The outcrop has also yielded plant remains. The first collection was made by F.before 1950 and is housed at the Institut Royal des Sciences Naturelles de Belgique. The fossils are preserved as strongly oxidized, red- to brown-coloured compressions. The state of preservation does not allow any anatomical study.
The second collection (Pl. 1, figs. 1-7 ) is newly collected material and is housed in the collections of the University of Liège. The plants are less well-preserved than the older specimens. This can be explained by the fact that the Strud quarry has not been exploited for more than 100 years. The outcrop has thus been exposed to weathering processes for a long time.
's floristic index mentions 5 taxa for the quarry. All are classical members of the "Evieux flora" ( , 1948; , 1996). This index is summarized in Table 1 .
The new collection increases the floristic index of the locality to 9 taxa (Table 2 ). It shows the presence of nearly all important upper Devonian plant groups: Progymnosperms, Ferns, Gymnosperms and Barinophytes.
Archaeopteris remains are the only representatives of this group (Pl. 1, fig. 1 ). In contrast with a number of Belgian localities (, 1996), Archaeopteris remains are rare at Strud. Only three fragments have been recovered. The organisation of their axis and the shape of their leaves are characteristic of the species Archaeopteris roemeriana ( ) sensu , 1948. This species should probably be synonymised with Archaeopteris halliana ( ) , 1871 ( et alii, 2001).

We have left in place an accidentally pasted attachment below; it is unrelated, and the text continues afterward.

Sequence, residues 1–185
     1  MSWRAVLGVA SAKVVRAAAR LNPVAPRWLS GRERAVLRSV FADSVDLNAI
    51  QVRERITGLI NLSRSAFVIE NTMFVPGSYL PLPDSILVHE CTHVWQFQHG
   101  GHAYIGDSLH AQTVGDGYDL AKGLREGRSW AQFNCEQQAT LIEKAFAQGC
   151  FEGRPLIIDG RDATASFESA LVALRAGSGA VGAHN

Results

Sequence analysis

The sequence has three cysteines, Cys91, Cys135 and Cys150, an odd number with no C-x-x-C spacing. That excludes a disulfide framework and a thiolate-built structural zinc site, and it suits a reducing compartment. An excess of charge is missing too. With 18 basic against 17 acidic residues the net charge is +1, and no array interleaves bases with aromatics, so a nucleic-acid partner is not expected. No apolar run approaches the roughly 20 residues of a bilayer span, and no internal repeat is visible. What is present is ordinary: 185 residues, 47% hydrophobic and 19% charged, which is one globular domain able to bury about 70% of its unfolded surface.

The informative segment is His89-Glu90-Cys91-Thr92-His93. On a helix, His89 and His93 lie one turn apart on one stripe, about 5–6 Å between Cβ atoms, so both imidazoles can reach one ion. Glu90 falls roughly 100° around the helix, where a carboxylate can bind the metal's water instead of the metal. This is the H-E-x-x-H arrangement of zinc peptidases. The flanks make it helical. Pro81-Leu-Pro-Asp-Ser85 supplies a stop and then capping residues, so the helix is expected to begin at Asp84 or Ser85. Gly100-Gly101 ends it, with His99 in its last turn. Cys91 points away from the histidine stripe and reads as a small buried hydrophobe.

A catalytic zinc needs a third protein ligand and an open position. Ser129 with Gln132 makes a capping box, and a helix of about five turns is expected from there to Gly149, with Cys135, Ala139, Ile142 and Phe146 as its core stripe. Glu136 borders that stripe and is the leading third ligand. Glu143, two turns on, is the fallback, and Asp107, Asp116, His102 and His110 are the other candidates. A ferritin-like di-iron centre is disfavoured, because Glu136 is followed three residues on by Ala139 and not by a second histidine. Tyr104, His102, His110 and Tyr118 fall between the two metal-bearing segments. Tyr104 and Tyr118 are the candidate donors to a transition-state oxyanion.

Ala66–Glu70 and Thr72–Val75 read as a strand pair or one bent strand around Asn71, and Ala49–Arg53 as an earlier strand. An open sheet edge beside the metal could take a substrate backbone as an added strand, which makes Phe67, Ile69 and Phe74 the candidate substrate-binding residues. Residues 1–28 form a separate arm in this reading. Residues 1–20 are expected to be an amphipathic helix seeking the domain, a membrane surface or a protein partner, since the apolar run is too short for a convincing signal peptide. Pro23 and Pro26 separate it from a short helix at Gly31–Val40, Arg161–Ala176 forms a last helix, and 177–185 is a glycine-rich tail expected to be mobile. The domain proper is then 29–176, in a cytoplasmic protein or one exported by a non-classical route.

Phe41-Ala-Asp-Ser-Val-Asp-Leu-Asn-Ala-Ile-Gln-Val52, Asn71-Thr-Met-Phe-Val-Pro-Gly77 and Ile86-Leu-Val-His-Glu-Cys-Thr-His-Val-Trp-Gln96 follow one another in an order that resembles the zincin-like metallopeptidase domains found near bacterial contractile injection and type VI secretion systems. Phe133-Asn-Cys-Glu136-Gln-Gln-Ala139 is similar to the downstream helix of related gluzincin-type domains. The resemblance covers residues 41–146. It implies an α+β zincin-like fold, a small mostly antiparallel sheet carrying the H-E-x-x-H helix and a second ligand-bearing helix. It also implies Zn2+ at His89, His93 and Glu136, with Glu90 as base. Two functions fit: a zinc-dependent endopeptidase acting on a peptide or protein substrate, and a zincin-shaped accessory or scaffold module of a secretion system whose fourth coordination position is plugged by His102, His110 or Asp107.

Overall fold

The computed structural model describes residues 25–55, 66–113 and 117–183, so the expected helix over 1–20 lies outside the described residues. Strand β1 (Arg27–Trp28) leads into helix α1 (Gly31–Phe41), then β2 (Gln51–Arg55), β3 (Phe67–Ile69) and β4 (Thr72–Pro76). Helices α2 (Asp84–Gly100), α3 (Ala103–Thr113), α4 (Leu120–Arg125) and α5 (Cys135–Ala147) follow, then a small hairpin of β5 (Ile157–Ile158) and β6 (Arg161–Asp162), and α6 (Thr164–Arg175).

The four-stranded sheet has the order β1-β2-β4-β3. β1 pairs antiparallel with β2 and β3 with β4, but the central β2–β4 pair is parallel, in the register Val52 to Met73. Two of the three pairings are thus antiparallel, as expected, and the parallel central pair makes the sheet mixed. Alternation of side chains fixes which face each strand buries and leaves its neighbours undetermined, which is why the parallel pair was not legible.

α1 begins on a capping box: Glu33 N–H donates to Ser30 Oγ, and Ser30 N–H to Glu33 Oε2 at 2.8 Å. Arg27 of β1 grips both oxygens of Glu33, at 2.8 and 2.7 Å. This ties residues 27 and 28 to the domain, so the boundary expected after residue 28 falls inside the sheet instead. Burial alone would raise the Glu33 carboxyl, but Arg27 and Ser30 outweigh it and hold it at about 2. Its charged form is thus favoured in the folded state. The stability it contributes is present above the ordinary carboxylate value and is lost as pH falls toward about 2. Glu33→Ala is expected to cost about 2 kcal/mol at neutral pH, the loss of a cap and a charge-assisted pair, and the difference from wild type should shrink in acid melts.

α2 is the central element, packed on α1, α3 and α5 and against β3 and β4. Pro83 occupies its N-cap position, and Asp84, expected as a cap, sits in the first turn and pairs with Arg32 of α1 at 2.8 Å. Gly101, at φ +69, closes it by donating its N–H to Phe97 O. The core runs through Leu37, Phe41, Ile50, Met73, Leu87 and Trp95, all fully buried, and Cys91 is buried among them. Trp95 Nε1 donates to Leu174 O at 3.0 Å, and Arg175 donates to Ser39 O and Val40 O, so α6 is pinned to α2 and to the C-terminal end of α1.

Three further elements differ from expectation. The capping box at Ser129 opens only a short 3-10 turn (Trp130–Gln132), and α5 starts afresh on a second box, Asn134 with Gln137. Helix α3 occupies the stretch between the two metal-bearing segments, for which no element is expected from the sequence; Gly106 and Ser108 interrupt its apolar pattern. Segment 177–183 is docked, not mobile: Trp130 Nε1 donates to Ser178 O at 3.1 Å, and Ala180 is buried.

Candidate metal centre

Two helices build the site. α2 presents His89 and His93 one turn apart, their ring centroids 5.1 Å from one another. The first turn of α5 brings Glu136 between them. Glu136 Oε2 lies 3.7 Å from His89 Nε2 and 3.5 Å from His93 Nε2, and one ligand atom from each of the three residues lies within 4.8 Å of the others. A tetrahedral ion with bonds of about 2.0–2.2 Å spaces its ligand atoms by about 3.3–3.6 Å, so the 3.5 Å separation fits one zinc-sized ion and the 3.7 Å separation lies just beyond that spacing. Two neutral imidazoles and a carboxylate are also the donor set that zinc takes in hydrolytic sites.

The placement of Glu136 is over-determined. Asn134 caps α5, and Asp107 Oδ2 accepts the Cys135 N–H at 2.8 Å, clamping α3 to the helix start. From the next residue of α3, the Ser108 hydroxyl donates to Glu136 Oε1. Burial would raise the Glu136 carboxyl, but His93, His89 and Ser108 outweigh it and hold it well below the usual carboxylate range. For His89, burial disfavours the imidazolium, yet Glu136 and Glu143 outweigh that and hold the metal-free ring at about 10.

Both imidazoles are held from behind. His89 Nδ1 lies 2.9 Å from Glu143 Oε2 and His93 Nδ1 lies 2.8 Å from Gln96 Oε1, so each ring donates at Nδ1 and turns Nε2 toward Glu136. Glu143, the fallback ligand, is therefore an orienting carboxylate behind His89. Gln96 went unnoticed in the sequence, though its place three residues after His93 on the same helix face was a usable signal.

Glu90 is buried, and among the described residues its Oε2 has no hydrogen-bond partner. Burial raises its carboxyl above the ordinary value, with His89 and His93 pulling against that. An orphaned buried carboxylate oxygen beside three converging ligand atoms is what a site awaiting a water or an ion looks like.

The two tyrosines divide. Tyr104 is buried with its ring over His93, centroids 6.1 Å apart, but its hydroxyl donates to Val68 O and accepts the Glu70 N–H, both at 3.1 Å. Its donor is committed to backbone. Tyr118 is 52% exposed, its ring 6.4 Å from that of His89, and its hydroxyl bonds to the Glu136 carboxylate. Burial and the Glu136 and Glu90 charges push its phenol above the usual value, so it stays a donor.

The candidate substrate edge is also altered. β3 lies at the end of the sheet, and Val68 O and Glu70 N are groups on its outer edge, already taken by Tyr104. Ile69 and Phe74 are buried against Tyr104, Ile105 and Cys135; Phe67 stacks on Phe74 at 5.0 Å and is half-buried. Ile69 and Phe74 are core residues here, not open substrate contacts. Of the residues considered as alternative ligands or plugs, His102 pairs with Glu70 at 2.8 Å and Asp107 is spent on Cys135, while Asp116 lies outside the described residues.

This group is represented by Rhacophyton condrusorum (Pl. 1, fig. 4 ). It was the first plant to have been described from the quarry (, 1878). The remains of this plant consist of large rachis without fertile parts or vegetative endings. In other beds from the same quarry, (1878) described very fine and well preserved Rhacophyton fertile parts.
They consist of three different taxa: Moresnetia zalesskyi, 1948, emend. et , 1987 (Pl. 1, figs. 6-7 ), Condrusia rumex , 1948 (Pl. 1, fig. 3 ) and Pseudosporogonites hallei , 1948 (see , 1948, Pl. XI, fig. 18). Moresnetia and Pseudosporogonites dominate this assemblage.
Based on megafossils only, the locality is attributed to Famennian biozone number 7 ofet alii (2000). If a palynological age of mid GF is confirmed, the locality would represent the earliest occurrence of cupulate early seed plants, if we exclude the poorly understood Russian Moresnetia mentioned by (1988) in the OG Russian Frasnian miospore zone.